The complaint, which was sent to PETA, follows numerous PETA complaints, a 2011 whistleblower report indicating that SNBL abuses and neglects monkeys, and three USDA stipulations in 2006, 2008, and 2009. The USDA's complaint details numerous incidents, including the following, among others:
  • Twenty-five monkeys shipped from Cambodia to Houston sustained "multiple organ failure caused by dehydration and hypoglycemia." They died or were euthanized after they were trucked to Washington without veterinary care, in spite of being weak, thin, and in poor health.
  • A 6-week-old monkey became trapped while trying to escape through a fence. Monkeys on the other side tried unsuccessfully to pull him through, and he died from trauma and hypothermia.
  • Six monkeys died when improperly trained and unqualified personnel conducted liver biopsies on them.
  • Multiple monkeys suffered from trauma, hyperthermia, and seizures and ultimately died after being pursued by net-wielding workers.
  • A monkey became entangled in a cable and strangled to death.
  • At least two monkeys died after sustaining severe injuries during fights with incompatible cagemates.
  • A monkey suffocated to death after SNBL staff failed to notice that the animal's head was stuck in a cage.
"SNBL's incompetence and indifference have cruelly killed many monkeys for many years," says PETA Senior Vice President of Laboratory Investigations Kathy Guillermo. "PETA is calling for this laboratory to be stripped of its funding and shut down."

Please contact NIH and urge the agency to cancel the "Assurance" that allows SNBL to receive federal contracts.

Horrific Deaths for Monkeys at Abusive Laboratory—Take Action! The National Institutes of Health (NIH) permits taxpayer funds to go to a laboratory where a 6-week-old monkey died from trauma and hypothermia. TELL NIH TO PULL PLUG ON FUNDING 

Urge Santa Monica College to Stop Dissecting Pregnant Cats. She's no different from the animals who share our homes …
cute cat
… but recent eyewitness footage reveals that Santa Monica College apparently uses pregnant cats like her for dissection lessons—even though there are humane alternatives that don't involve cutting open animals.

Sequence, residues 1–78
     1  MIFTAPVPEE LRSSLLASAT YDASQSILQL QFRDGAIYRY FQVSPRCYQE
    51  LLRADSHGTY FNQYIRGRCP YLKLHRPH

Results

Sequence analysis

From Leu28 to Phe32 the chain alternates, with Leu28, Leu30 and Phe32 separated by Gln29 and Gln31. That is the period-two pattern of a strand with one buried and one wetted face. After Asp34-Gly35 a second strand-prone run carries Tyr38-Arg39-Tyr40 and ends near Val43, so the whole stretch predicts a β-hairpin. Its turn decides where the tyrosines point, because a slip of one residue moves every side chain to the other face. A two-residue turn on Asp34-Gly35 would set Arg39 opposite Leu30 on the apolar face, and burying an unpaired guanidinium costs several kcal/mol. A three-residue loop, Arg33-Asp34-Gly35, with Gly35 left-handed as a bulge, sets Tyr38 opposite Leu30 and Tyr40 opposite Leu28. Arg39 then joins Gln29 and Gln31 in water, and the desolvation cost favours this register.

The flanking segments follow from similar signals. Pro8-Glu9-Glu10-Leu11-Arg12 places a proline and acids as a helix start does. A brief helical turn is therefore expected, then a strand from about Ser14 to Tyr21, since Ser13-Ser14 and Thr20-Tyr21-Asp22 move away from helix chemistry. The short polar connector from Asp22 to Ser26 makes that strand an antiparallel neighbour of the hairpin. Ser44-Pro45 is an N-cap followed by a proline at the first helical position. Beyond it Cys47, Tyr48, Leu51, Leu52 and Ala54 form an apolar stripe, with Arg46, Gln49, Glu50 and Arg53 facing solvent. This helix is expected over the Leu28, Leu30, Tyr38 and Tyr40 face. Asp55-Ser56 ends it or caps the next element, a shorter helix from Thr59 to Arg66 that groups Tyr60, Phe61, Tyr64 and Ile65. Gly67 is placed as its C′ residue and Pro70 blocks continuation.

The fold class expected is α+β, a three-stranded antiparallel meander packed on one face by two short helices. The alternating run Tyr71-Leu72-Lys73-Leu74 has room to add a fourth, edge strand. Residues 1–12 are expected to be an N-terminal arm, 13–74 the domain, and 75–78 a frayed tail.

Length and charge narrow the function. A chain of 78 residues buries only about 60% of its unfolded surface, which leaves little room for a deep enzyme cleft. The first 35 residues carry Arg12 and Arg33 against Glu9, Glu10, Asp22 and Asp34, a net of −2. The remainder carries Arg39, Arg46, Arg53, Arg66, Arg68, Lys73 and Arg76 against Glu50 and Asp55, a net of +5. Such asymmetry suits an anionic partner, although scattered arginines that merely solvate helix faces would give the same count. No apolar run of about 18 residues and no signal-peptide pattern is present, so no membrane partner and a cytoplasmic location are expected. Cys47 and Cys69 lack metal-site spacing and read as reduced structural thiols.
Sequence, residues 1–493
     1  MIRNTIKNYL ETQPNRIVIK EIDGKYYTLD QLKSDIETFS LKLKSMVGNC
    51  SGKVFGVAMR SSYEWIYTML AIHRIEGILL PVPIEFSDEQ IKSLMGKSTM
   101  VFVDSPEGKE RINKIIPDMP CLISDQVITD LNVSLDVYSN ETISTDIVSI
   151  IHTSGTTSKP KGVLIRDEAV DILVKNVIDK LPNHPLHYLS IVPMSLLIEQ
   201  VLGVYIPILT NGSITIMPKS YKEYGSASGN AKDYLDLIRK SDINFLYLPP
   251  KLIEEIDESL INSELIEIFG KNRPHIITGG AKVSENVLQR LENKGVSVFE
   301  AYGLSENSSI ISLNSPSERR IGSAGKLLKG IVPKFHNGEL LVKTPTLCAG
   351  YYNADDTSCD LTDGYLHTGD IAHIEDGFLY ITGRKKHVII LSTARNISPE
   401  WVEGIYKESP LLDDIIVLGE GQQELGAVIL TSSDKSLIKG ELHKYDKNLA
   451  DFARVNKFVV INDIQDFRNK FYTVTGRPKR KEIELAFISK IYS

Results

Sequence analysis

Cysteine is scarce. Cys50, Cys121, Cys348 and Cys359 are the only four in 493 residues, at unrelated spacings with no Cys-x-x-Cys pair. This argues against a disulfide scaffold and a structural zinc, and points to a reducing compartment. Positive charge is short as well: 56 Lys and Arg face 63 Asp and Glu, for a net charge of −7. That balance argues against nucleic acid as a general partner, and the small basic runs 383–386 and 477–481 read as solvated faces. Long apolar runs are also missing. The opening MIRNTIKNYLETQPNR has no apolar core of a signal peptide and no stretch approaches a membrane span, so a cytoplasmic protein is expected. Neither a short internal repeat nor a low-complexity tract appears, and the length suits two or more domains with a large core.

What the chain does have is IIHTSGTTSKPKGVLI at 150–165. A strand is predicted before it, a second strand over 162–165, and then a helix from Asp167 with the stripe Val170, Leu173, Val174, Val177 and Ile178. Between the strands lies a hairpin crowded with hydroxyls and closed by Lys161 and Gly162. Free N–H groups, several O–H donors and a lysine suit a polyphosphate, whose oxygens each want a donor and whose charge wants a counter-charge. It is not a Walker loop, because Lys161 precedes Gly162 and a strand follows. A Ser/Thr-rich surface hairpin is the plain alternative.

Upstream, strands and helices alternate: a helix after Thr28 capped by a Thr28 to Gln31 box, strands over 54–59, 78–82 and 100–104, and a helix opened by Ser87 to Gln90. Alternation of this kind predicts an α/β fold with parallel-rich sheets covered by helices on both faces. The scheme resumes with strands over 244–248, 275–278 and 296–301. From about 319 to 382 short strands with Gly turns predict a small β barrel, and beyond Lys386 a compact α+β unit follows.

Dissection is bad science: Studies show that students are less interested in science after being forced to dissect, and it's a cruel way to teach biology and anatomy. All medical schools in the U.S. and Canada have stopped using animals in courses for medical students, and even Texas A&M—the third-largest university in the country—is phasing out dissection in its human anatomy and physiology course. Dissection is unnecessary, and students—and animals—deserve better.

PETA has even offered to donate superior non-animal methods to Santa Monica College, but so far, it hasn't taken us up on the offer.

You can help prevent more cats from suffering. Urge Santa Monica College to ditch cat dissections and instead use humane non-animal methods to teach its students.

Are You Dissecting Dog?
Breaking —The Nonhuman Rights Project’s legal team just filed a new appeal for Tommy—our first ever chimpanzee plaintiff—with the Appellate Division, First Department of New York.

Our objective? To send an unmistakable message that Tommy deserves his day in court—and his freedom—regardless of where his "owners" are hiding him.
As reported by the Daily Mail and The Dodo, Tommy is missing from his cage in upstate New York and it has proven impossible for anyone concerned about him to find out where he is. This is what it means to be a "legal thing” instead of a "legal person": you can be bought, sold, traded, shipped, and confined all alone, without legal consequence.

We’re exploring every means to verify Tommy’s whereabouts and to establish his right to freedom — and this begins with our new appeal in the Appellate Division, First Department of New York.  

The NhRP’s legal team is funded solely through your generosity. We can file only as many appeals as we can afford ... and that’s why I’m writing you today.

Tommy is a self-aware, autonomous being who belongs in a sanctuary, not hidden behind closed doors. But under current law, and even with new Endangered Species Act protections, Tommy has no more rights than a pair of tennis shoes. He is considered property.

This is morally wrong ... and the NhRP is working through common law courts to make it legally wrong.

We've also engaged a private investigator to help us find Tommy.